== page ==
Environmental polycyclic aromatic hydrocarbons (PAHs) and metals coexist, and such mixtures could affect the carcinogenicity of PAHs, possibly by modification of PAH induction of the PAH-bioactivating CYP1A. The effect on PAH-mediated CYP1A induction of arsenic, lead, mercury, or cadmium (ranked as the most hazardous environmental metals by the Environmental Protection Agency and the Agency for Toxic Substances and Disease Registry) has thus been investigated. Induction of CYP1A1 by benzo[a]pyrene (BAP), benzo[b]fluoranthene (BBF), dibenzo[a,h]anthracene (DBAHA), benzo[a]anthracene (BAA), or benzo[k]fluoranthene (BKF) was probed by ethoxyresorufin-O-deethylase activity (EROD) in 96-well plates of human HepG2 cells, by immunoblot analysis, and by reverse transcription-polymerase chain reaction. Cells rapidly took up PAHs (BAP, BKF) from medium; by 24 h only 14% remained in the medium, and no detectable PAH bound to well walls. Induction efficiency (relative to dimethyl sulfoxide controls) was in the order BKF (16-fold) > DBAHA (14-fold) > BAA (4-fold) > BAP (3-fold) > BBF (1-fold), all at 5 μM PAH. The metals did not markedly affect cell viability at concentrations of arsenic, 5 μ; lead, 50 μM; mercury, 5 μM; and cadmium, 5 μM. At 5 μM PAH concentration, all of the metals decreased levels of PAH-induced CYP1A1 activities (direct inhibition of EROD activity was excluded) by variable extents and in a PAH-dependent manner. With BAP as inducer decreases in induction were arsenic, 57%; cadmium, 82%; mercury, 4%; and lead, 20%. The decreases were not a consequence of transcriptional down-regulation. One possible conclusion is that these metals could diminish PAH carcinogenic potential by decreasing PAH-mediated induction of their bioactivation by CYP1A1.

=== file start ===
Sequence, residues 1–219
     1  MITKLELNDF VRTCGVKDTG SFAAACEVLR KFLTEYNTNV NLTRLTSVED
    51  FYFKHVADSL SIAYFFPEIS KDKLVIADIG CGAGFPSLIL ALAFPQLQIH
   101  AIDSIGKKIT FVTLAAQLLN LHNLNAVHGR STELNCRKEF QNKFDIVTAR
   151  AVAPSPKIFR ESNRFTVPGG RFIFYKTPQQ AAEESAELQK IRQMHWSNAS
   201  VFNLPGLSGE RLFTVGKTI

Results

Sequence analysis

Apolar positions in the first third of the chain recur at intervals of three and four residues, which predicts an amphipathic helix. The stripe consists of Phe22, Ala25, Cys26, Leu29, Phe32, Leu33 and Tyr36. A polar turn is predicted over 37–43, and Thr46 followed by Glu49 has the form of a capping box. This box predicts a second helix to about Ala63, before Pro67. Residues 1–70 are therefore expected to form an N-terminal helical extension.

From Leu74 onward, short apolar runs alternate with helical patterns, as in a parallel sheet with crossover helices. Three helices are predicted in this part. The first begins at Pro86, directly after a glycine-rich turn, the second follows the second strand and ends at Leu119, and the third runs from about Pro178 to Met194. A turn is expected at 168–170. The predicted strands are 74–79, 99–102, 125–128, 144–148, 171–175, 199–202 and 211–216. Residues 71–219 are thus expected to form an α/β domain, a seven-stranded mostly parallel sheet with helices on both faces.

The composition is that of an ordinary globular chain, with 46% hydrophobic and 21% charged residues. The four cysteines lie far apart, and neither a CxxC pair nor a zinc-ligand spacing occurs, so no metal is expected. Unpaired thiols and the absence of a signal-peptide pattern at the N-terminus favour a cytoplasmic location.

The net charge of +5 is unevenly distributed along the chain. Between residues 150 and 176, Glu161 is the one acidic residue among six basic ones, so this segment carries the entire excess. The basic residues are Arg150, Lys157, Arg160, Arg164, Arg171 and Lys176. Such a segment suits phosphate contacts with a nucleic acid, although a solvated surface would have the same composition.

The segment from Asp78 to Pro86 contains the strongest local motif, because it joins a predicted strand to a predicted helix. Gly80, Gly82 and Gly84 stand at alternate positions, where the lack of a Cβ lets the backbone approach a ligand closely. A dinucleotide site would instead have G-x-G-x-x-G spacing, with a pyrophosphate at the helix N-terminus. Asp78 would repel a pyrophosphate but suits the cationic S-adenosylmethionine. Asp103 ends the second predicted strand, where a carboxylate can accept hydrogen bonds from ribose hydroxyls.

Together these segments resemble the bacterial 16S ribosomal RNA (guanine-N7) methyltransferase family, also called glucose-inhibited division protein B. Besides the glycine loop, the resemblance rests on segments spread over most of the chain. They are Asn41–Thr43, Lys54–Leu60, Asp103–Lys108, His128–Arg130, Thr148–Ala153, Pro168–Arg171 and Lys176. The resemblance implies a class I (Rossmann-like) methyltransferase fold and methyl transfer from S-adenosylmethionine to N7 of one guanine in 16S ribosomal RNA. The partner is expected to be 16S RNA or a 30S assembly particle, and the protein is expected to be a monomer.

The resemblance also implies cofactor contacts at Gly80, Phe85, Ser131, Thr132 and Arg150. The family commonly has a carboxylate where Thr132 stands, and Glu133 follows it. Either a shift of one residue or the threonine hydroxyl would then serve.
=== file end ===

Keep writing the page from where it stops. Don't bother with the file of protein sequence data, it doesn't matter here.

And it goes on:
|Original language||English (US)|
|Number of pages||8|
|Journal||Drug Metabolism and Disposition|
|State||Published - 2001|
ASJC Scopus subject areas
- Pharmaceutical Science